Title "Yugoslav Communism and the Macedonian Question"
Author Palmer, Stephen and Robert King
Publisher Hamden, Connecticut: Archon Books
Annotation A ‘classical’ study of the political usages of Macedonian national identity by the Yugoslav communist leadership. Palmer and King describe thoroughly the development of the CPY’s official line concerning the identity of Macedonia’s Slavic population during the Interwar period and throughout the Second World war. They explain the promotion of the view of a separate Macedonian nation as a means to achieve the loyalty of the locals through the acknowledgement of certain national particularity of theirs. In the same time, Palmer and King indicate the reasons why the Yugoslav communists nevertheless failed to mobilize an important support before 1941 and demonstrate that it was only under the slogan of ‘unified Macedonia’ that Tito’s emissaries finally achieved such a support from 1943 on. They likewise suggest a detailed overview of the post-1945 political situation in the newly proclaimed Yugoslav Popular republic of Macedonia and of the socio-economic and cultural aspects of Macedonian ‘nation building’ directed by Belgrade. However, Palmer and King’s approach remains too ‘top-down’ based and lacks a perspective ‘from below’. In this both instrumentalist and essentialist manner, they tend to present the Macedonian nationalism as a purely Yugoslav Titoist invention and fall short to explain the national ‘transformation’ of what they see, together with the scientists from Sofia, as ‘Macedonian Bulgarians’. (also relevant to sub-field 2)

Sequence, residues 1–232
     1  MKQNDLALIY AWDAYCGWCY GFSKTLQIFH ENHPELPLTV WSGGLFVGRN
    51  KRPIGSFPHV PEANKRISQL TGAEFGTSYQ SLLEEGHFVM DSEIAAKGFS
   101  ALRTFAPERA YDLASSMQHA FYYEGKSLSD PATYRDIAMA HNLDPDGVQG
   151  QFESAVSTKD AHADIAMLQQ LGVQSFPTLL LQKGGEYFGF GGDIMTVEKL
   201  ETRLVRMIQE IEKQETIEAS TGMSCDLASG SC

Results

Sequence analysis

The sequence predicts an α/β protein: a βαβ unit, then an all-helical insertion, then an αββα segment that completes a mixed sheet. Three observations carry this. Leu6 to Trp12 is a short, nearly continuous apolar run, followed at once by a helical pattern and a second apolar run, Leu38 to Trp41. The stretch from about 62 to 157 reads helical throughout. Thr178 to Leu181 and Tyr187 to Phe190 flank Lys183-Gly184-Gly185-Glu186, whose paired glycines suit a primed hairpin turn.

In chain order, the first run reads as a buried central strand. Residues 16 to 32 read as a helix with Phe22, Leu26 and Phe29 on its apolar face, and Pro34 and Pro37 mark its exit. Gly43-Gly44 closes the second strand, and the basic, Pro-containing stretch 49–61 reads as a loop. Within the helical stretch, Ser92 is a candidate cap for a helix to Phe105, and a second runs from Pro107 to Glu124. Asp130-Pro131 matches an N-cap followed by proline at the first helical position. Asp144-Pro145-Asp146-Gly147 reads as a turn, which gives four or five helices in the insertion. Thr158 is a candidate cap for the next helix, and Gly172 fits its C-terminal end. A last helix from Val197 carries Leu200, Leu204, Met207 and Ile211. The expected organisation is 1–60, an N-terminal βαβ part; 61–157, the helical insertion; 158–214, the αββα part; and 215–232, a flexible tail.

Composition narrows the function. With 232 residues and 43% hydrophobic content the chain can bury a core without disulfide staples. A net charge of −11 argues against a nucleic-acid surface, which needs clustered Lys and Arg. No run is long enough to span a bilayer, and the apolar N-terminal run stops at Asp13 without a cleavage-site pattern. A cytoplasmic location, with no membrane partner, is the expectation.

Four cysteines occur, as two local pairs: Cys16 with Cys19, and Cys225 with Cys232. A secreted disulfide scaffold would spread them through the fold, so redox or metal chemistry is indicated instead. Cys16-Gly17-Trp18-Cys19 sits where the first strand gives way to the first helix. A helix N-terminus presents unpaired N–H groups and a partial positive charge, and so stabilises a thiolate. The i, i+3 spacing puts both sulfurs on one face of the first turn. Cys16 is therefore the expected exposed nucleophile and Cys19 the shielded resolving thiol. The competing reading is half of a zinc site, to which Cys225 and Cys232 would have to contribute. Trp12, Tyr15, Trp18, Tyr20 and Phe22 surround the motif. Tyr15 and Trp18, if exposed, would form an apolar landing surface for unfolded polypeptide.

Author of Annotation Tchavdar Marinov
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